I loved Hong Kong Supermarket. The chain’s few locations were scattered around New York, New Jersey, and Pennsylvania – ours was half an hour away, in East Brunswick, New Jersey, and a quick Google search shows that it closed for good three months ago. There was a counter there for freshly cut slabs of pork; on the other side of the store was a rack dedicated to chewy beef meatballs which we’d eat three apiece with Indomie. My brother and I would run past the tanks of fish while pinching our noses and flapping our arms, pretending to swim through the aisles, and before checking out, we’d stop by the tiny bakery at the front of the shop and purchase Swiss rolls and slices of cake. The half-hour drive there felt like an expedition to Indonesia itself – one as exciting as a trip to Six Flags.
As with any vacation, we toted souvenirs. Snacks: a cartful. Hello Panda biscuits, Chelsea Butter Candy, Calbee Shrimp Chips. Haw flakes, Yan Yan, dried squid strips. Things we’d never find in the single cramped ‘International’ aisle of most other supermarkets. We didn’t leave the store until our cart was too heavy to push smoothly.
It was unthinkable that moments like these might one day end. In those years we would gather in the kitchen afterwards and enjoy a distinctly Indonesian dinner: the pre-packaged saus kacang smelled otherworldly, and as Mami roasted the chicken to go with it, Papi peered closely at the spikes of a durian as large as my head. How terrifying! With a knife, he cracked it open section by section, its buttery scent wafting through our home. Whenever I ran past the glass curio cabinets while waiting for my parents’ summons to the table, I could recognise some aspects of that distant country on my own face, a blur of colour. It was breathtaking, I knew it.
Gado-gado. Ovomaltine. Fried singkong and tempe. Teh Kotak. I didn’t grow up on these; like the sate nights they were random luxuries, bringing snap-second moments of validation that dissipated just as quickly as they arrived. Though I loved these dinners, they frustrated me. My mother was to blame: why cook Indonesian dishes without passing them down to us? Why converse in Bahasa Jawa without slipping it into our own mouths? Why compare my American childhood to her Indonesian one if she was never going to divulge the entire history?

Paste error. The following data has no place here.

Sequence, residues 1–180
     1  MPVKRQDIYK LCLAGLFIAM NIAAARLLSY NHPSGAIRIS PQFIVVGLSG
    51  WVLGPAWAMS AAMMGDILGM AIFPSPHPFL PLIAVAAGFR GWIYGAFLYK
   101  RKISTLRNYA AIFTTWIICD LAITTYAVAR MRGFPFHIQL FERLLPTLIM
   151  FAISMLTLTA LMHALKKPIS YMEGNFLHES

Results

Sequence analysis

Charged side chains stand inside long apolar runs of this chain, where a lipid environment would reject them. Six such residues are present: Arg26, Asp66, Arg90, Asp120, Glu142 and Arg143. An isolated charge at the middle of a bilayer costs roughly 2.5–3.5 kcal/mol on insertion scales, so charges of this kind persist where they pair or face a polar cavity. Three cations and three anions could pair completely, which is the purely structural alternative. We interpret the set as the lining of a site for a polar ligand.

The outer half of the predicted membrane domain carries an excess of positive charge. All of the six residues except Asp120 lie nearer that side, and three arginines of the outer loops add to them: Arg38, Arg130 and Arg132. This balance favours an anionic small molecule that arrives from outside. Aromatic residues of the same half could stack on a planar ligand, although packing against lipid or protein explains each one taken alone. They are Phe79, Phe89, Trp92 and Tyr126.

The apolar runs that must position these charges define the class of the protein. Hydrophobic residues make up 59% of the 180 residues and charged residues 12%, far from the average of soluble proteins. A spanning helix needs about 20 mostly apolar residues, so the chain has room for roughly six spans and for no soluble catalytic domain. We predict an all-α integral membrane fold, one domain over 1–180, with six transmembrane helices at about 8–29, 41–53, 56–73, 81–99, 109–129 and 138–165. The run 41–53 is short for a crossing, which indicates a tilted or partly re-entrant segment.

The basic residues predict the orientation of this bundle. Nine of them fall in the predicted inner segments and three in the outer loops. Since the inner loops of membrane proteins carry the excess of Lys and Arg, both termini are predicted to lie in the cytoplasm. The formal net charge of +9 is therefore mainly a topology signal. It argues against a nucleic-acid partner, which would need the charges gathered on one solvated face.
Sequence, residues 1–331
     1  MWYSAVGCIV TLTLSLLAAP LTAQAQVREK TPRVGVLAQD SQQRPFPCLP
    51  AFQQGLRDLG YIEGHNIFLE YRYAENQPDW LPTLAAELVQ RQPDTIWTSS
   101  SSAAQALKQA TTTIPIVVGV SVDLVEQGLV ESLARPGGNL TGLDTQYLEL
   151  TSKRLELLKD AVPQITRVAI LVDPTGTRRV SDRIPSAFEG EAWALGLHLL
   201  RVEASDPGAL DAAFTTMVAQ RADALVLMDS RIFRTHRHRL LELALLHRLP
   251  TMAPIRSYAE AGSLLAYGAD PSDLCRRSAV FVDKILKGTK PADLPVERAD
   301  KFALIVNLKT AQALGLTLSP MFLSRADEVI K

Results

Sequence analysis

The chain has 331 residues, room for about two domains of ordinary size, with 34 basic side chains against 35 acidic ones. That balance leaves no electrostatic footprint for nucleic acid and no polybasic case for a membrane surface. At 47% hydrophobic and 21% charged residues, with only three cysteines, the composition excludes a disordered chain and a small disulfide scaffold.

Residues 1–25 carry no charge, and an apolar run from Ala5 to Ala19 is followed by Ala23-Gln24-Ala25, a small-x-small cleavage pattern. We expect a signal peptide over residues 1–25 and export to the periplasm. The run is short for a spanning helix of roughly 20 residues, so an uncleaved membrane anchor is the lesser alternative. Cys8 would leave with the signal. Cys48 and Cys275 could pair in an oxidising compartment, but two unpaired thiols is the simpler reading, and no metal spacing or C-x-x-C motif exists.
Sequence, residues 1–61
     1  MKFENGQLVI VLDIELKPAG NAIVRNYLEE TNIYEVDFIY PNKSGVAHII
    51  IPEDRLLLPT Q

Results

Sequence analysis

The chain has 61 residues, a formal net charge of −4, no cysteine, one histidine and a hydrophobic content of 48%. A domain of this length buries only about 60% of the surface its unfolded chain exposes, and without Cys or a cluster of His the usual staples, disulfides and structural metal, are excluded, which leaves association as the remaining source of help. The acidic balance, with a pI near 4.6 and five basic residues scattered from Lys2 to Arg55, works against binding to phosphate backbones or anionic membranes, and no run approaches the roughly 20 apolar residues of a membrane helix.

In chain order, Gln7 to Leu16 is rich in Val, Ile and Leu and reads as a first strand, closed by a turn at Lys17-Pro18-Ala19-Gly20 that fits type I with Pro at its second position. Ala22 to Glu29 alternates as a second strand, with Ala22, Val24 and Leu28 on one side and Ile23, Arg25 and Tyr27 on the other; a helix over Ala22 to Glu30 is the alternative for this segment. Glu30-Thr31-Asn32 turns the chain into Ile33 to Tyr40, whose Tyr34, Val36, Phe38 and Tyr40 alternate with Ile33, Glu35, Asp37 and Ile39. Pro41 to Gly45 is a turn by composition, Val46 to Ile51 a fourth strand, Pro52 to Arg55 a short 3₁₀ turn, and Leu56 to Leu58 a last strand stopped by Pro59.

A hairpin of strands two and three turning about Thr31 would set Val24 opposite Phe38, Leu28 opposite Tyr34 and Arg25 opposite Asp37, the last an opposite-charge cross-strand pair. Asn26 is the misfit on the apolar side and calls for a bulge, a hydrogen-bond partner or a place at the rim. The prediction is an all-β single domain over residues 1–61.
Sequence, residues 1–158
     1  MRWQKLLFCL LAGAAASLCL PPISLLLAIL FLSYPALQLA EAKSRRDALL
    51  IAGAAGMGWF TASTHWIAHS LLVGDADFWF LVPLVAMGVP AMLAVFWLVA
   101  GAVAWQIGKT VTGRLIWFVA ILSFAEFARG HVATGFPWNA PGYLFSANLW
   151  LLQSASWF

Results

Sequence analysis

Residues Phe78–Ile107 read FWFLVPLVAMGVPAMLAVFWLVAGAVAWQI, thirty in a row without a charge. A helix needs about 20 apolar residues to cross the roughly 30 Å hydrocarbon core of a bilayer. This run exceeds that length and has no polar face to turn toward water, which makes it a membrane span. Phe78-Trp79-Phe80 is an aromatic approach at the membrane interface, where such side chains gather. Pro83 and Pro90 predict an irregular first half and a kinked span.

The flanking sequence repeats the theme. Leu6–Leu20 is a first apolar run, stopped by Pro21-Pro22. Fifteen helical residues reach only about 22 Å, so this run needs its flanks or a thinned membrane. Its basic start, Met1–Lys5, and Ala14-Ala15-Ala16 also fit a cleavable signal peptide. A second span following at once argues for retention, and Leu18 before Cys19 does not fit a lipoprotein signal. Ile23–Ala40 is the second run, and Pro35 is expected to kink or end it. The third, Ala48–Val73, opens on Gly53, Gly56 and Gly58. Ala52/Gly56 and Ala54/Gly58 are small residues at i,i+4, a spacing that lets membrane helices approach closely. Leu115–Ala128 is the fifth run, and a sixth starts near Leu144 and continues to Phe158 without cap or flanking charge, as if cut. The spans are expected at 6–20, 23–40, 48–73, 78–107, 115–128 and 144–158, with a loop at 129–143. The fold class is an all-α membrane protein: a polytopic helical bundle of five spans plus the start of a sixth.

The half-hour drive to Hong Kong Supermarket felt like an expedition to Indonesia itself.
You can imagine my happiness during the months my grandmother came to visit from Pekalongan. Everyday, we’d eat opor and stir-fried, garlic-laden vegetables and rawon and soto. During the months she visited, the kitchen – otherwise rarely used, and yet always dirty – was filled with the scent of freshly fried red onions.
She scolded me every morning.
‘Learn the language.’
‘You must know how to cook.’
That’s right – home. Where was that, exactly? I couldn’t recall.
Her presence in our house temporarily affirmed my own Indonesian identity, and I felt guilty for not returning with her to ‘the homeland’. I had no doubt it was beautiful and rich with culture – that it could provide me what the burgers, star-spangled flags, and school buses here could not.
Indeed, when she left I wept – not because I missed her, but because she’d abandoned me and forced me to continue drifting in murky waters, searching and failing to find a sense of self.
Whenever new friends asked me about my heritage, the only answer I could supply was that I was born in Indonesia. I could’ve said, ‘I’m from Indonesia,’ or even, ‘I’m Indonesian’. But being from some place implies a connection, a cozy upbringing, fond memories. Birthplaces are mostly arbitrary; pinpoints on a map where your mother happened to be at the moment you arrived.